Murdoch expands internal inquiry of his UK papers

Media mogul and his son, James, are to be questioned about the phone hacking scandal under oath in the UK High Court, the 'Telegraph' reports.

Murdoch Hearing 311 R (photo credit: REUTERS)
Murdoch Hearing 311 R
(photo credit: REUTERS)
Lawyers for Rupert Murdoch's News International are conducting a broad inquiry into reporting practices at all of the company's UK newspapers, according to sources who have been briefed on the probe.
Attorneys for Linklaters, the large London law firm leading the probe, will be looking for anything that US government investigators might be able to construe as evidence the company violated American law, particularly the Foreign Corrupt Practices Act, which prohibits corrupt payments to foreign officials, a source familiar with the investigation told Reuters.
In addition to conducting personal interviews with selected journalists, lawyers will also be looking at email and financial records, said this source.
Separately, Rupert Murdoch and his son, James, are to be questioned about the phone hacking scandal under oath in the UK High Court, the country's Telegraph newspaper reported.
A second source close to the company said that just because the internal inquiry is examining reporting standards across Murdoch's UK papers, this does not mean there is evidence inappropriate activity occurred at News International's currently operating British properties.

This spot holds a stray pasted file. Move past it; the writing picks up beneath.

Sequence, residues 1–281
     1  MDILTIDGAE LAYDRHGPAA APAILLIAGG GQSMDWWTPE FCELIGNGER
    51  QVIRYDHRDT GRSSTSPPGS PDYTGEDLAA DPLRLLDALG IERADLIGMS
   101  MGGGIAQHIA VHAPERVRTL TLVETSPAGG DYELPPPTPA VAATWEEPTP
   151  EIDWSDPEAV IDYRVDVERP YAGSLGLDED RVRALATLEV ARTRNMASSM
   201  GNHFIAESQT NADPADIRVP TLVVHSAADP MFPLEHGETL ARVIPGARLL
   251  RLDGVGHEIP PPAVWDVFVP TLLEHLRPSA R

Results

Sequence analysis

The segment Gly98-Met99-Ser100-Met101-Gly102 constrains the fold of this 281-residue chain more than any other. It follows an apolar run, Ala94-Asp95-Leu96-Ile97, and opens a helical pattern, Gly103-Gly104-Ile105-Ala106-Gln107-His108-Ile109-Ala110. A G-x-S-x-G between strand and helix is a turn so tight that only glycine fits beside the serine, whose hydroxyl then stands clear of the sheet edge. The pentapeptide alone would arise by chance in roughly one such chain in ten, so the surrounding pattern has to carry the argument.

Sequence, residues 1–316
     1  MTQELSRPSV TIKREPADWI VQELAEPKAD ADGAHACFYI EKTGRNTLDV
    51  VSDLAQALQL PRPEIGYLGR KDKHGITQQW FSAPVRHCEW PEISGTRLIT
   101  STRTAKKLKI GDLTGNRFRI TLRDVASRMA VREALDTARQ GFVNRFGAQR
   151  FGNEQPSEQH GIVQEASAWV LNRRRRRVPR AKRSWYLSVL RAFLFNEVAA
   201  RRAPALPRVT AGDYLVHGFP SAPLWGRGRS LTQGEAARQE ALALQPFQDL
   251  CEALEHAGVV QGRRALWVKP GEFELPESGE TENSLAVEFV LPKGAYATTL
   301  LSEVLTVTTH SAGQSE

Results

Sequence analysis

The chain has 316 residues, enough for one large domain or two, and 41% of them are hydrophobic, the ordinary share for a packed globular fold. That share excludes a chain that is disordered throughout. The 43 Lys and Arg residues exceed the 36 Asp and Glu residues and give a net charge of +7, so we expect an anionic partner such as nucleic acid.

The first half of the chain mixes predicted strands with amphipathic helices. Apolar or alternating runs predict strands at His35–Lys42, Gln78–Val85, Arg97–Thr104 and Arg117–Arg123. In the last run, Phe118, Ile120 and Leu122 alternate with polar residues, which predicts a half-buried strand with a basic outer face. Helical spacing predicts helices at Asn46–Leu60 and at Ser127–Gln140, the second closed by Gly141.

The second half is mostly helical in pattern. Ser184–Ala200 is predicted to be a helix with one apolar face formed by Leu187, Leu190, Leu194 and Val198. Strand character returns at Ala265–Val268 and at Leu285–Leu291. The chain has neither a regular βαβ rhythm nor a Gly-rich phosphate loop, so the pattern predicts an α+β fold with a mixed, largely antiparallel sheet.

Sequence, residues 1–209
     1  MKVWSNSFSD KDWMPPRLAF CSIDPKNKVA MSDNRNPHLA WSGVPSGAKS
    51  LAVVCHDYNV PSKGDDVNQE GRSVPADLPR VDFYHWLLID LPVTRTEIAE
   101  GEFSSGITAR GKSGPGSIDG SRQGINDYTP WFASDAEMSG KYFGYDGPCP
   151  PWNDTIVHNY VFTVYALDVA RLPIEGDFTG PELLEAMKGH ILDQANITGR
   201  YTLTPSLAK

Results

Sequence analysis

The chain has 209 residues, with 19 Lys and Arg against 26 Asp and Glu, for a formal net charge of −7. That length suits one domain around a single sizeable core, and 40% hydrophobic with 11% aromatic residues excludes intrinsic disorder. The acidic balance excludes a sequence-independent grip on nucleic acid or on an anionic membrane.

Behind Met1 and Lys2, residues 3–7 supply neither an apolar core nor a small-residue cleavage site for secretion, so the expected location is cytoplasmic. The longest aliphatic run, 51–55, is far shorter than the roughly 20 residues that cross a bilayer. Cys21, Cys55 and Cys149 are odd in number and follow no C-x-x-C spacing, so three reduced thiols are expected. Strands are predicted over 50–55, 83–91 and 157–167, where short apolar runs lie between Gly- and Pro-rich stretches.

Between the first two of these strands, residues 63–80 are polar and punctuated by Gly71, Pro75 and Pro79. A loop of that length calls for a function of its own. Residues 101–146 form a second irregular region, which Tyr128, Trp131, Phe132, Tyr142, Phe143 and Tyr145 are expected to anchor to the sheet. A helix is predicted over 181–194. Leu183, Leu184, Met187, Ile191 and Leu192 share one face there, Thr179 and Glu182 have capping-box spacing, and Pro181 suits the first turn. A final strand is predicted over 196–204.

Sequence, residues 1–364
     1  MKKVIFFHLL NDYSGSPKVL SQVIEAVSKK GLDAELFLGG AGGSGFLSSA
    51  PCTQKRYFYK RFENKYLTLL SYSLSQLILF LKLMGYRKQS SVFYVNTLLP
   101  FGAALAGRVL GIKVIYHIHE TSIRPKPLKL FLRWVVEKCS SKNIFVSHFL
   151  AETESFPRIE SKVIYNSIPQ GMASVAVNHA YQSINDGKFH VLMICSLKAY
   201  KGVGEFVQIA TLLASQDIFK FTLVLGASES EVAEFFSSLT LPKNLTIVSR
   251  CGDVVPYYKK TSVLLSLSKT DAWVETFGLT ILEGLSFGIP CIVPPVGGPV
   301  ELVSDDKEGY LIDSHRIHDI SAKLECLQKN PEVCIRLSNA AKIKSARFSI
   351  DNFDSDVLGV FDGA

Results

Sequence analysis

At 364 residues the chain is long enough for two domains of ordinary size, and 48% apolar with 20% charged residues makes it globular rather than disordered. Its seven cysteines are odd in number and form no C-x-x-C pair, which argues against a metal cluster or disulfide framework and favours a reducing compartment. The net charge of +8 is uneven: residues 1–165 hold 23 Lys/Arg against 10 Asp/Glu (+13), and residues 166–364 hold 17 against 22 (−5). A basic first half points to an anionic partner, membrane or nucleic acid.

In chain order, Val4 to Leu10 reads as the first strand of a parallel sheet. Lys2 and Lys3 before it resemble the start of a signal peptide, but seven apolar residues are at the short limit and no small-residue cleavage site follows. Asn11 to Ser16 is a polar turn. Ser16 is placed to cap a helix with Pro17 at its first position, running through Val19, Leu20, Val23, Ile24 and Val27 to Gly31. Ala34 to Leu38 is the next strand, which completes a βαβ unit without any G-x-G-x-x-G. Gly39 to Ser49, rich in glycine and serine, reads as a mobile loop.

News Corp acknowledges an extensive review is under way, although the details it released have been sparse.
"As is widely known, a review of journalistic standards is underway at News International with Linklaters assisting in the process," a company spokesperson told Reuters.
The spokesperson added the review was "part of a process that started a number of weeks ago."
That process is under the "ultimate control" of Joel Klein, a Murdoch executive in New York who formerly worked at the White House and US Justice Department; Viet Dinh, an outside News Corp director who also worked at the Justice Department; and the Management and Standards Committee.
The latter is a unit Murdoch created to handle corporate response and cleanup related to the uproar over allegations of phone hacking and questionable payments to police by News International journalists.
Journalists from the company's surviving British tabloid, The Sun, have already been interviewed for the internal investigation.
Interviews with journalists from The Sunday Times, one of Murdoch's two London "quality" papers, are scheduled to begin in September.
The inquiry is also expected to review reporting practices at Murdoch's other upscale British title, the Times of London, although people familiar with the investigation say the scope of the review at the daily paper is likely to be less extensive than at its sister papers.
Two people briefed on Linklater's activities said information about the extent of the inquiry had been widely communicated throughout the company over the last month.
One of these sources said only a selection of journalists -- including reporters involved in sensitive reporting projects -- were expected to be interviewed about their reporting methods.
Lawyers are also examining emails and financial records that might relate to matters under investigation by police, including phone hacking and questionable payments to police officers or other government officials.
One of the sources briefed on the inquiry said close scrutiny would be given to records of cash payouts requested or authorized by journalists at News International properties.